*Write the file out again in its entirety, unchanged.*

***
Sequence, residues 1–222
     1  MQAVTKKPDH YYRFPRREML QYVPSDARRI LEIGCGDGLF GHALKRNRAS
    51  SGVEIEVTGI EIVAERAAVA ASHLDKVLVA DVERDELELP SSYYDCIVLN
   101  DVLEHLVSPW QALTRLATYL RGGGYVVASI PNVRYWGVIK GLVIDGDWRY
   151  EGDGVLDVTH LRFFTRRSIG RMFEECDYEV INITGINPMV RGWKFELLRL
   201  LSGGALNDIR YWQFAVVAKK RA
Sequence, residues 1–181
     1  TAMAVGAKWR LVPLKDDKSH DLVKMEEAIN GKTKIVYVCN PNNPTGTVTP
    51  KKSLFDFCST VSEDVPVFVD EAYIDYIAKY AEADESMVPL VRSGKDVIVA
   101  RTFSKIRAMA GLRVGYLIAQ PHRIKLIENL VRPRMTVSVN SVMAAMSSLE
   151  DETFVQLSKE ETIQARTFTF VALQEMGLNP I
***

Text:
Sequence, residues 1–222
     1  MQAVTKKPDH YYRFPRREML QYVPSDARRI LEIGCGDGLF GHALKRNRAS
    51  SGVEIEVTGI EIVAERAAVA ASHLDKVLVA DVERDELELP SSYYDCIVLN
   101  DVLEHLVSPW QALTRLATYL RGGGYVVASI PNVRYWGVIK GLVIDGDWRY
   151  EGDGVLDVTH LRFFTRRSIG RMFEECDYEV INITGINPMV RGWKFELLRL
   201  LSGGALNDIR YWQFAVVAKK RA
Sequence, residues 1–181
     1  TAMAVGAKWR LVPLKDDKSH DLVKMEEAIN GKTKIVYVCN PNNPTGTVTP
    51  KKSLFDFCST VSEDVPVFVD EAYIDYIAKY AEADESMVPL VRSGKDVIVA
   101  RTFSKIRAMA GLRVGYLIAQ PHRIKLIENL VRPRMTVSVN SVMAAMSSLE
   151  DETFVQLSKE ETIQARTFTF VALQEMGLNP I